Fast forward, we’re part of a perfectly chaotic, intergenerational dancing of the horah and then dancing the Wobble with a gaggle of 12 and 13 year olds who, in their youth, don’t seem remotely concerned about their nagging Achilles tendonitis or hot flashes. Isn’t that amazing?
Being at the Bat Mitzvah, this coming-of-age ritual which invites contemplation, allowed me to settle into stunned gratitude for my relationship with Liz. And, it reminded me that many of us have a Liz: it’s the meaningful relationship that isn’t designed to last and is often impractical to maintain.
So often these relationships become too tenuous to endure or too random to sustain and we understandably let them languish and die.
- It’s the remarkable boss from early in our career who we swore we’d work for again but haven’t talked to in a decade.
- It’s the client who inspired our creativity in unforeseen ways but disappeared at the end of the contract.
- It’s the college study abroad friend who unleashed our sense of adventure but got forgotten in the return to regular campus life.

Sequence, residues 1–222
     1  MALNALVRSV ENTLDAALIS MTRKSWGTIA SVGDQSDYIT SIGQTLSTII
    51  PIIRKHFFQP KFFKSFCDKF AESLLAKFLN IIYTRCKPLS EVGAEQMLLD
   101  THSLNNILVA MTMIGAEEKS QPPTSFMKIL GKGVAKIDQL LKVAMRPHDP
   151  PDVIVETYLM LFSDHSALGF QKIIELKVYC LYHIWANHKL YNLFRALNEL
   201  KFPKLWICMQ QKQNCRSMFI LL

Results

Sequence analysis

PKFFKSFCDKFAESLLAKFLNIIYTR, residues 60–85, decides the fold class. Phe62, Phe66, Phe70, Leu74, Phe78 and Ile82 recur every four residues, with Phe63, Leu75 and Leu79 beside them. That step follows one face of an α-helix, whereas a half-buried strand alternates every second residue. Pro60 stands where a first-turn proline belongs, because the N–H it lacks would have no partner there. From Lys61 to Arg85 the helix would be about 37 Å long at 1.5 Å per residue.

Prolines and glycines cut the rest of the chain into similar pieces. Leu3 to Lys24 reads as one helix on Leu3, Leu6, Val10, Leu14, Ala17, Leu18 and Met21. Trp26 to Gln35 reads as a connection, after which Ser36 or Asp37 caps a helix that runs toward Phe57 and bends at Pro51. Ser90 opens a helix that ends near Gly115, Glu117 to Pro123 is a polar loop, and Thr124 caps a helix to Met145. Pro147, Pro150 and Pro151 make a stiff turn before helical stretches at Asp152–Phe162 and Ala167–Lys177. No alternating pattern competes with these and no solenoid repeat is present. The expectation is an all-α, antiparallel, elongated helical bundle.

- It’s the colleague with whom there’s effortless connection but effort required to connect given competing time zones so communication dwindles.
Some inconvenient relationships come to a natural end, others we intentionally decide we don’t have space for, or interest in, any longer. Others though, like my friendship with Liz, deserve to be revived or cultivated because when neglected, we lose something meaningful: the chance to be fulfilled, awed, or known.
At that Bat Mitzvah, I was reminded again that prioritizing the rare people with whom we have an indescribable connection (along with a damn good party) should always, always trump practicality and convenience. It’s what enriches our lives. And so, may we be the Liz who reaches out unexpectedly and presents a crazy idea – to start a business together, train for a marathon, meet for a weekend get-away, or catch up over Zoom on a dozen years of life – as a way to rekindle lost connection. Or, when the Liz in our lives calls – may we return the call promptly, say ‘yes’, and trust in the utter joy of showing up.